Brushing Too Hard / Over-brushing

On the flip side, brushing too hard and over-brushing can also cause tooth sensitivity and discomfort. Many adults apply too much pressure when they brush their teeth. Brushing too forcefully can damage your enamel and gums. Using a hard-bristle toothbrush can negatively impact your oral health as well.

Dental Procedures and Tools

The dental procedures and tools from deep cleaning can cause discomfort if you aren’t practicing good oral hygiene techniques. The pressure from dental instruments and procedures can cause irritation to your gums.

Tissue gets slightly infiltrated in the process of a deep cleaning, so some discomfort for the first 24-48 hours afterward is common. The discomfort should be manageable using over-the-counter pain medication and/or warm salt water rinses.


Your diet can also affect your oral hygiene and expose you to pain and sensitivity. Foods and beverages that contain high amounts of sugar or acids can cause enamel erosion.

Extreme temperatures can also trigger sensitivity. Be sure to avoid consuming foods with high amounts of acid and sugar immediately after a deep cleaning.

5 Tips For Your Next Teeth Cleaning

Woman having dental cleaning

Your next deep cleaning doesn’t have to be as painful as the last one. Practicing these tips can help you avoid and prevent tooth sensitivity during your next dental visit.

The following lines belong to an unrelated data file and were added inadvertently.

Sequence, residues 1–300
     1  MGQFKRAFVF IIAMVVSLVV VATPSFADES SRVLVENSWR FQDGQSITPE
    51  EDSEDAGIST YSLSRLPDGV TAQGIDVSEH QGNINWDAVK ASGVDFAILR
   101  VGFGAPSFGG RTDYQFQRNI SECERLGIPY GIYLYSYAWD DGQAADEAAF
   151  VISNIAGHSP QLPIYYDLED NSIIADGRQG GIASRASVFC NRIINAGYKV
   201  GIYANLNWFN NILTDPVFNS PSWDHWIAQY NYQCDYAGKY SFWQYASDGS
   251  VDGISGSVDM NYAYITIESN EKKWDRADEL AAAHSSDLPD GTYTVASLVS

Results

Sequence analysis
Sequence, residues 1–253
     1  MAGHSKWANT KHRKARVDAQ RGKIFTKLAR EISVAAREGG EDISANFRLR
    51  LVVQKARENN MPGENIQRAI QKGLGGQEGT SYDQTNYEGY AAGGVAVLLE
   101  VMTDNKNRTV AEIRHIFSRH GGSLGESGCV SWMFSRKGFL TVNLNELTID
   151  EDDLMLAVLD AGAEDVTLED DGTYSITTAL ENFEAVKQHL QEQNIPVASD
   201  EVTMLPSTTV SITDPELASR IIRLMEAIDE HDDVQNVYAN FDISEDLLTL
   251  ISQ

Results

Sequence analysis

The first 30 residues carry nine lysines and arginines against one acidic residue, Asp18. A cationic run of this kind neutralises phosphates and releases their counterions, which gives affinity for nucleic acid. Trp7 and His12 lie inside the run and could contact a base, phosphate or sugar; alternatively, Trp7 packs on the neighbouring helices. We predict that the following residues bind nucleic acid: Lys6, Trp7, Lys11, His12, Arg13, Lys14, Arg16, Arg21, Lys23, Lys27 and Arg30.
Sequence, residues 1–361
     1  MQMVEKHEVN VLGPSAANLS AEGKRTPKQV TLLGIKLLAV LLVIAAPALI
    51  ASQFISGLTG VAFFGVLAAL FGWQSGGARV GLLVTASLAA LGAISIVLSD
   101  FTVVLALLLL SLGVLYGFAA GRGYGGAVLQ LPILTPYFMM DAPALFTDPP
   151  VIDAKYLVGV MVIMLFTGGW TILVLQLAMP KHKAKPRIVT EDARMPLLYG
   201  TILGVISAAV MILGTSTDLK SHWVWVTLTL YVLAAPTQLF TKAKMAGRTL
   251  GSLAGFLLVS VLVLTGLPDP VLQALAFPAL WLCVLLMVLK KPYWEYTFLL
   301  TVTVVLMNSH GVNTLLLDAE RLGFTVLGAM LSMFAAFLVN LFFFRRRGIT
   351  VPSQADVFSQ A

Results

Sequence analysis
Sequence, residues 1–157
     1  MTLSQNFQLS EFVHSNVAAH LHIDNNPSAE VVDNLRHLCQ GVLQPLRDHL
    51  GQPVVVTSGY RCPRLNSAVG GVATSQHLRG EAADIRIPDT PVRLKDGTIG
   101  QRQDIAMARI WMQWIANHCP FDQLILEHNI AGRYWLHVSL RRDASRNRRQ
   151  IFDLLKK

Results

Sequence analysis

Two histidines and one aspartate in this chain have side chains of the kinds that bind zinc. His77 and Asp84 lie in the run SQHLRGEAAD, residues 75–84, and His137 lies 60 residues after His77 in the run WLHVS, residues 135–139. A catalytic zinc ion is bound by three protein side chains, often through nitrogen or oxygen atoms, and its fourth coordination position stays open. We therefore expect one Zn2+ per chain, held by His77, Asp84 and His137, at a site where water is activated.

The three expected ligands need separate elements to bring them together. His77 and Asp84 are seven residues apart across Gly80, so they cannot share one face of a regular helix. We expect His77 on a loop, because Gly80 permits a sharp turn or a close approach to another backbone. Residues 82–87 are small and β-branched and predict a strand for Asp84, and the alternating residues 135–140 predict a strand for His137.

Take Ibuprofen Before or After Your Next Cleaning

You may have experienced pain during your last visit due to excess tartar, plaque, and harmful bacteria. These factors can cause your gums to swell in response to the cleaning procedures.

Taking a pain reliever like Motrin or Advil (on Amazon) an hour before your next dental cleaning can help prevent discomfort. You can also take another dose around six hours after the appointment.

However, some individuals have experienced some bleeding issues and can’t take these over-the-counter painkillers as a result. Be sure to speak with your dentist and physician to figure out what’s right for you.

Switch to a Different Toothpaste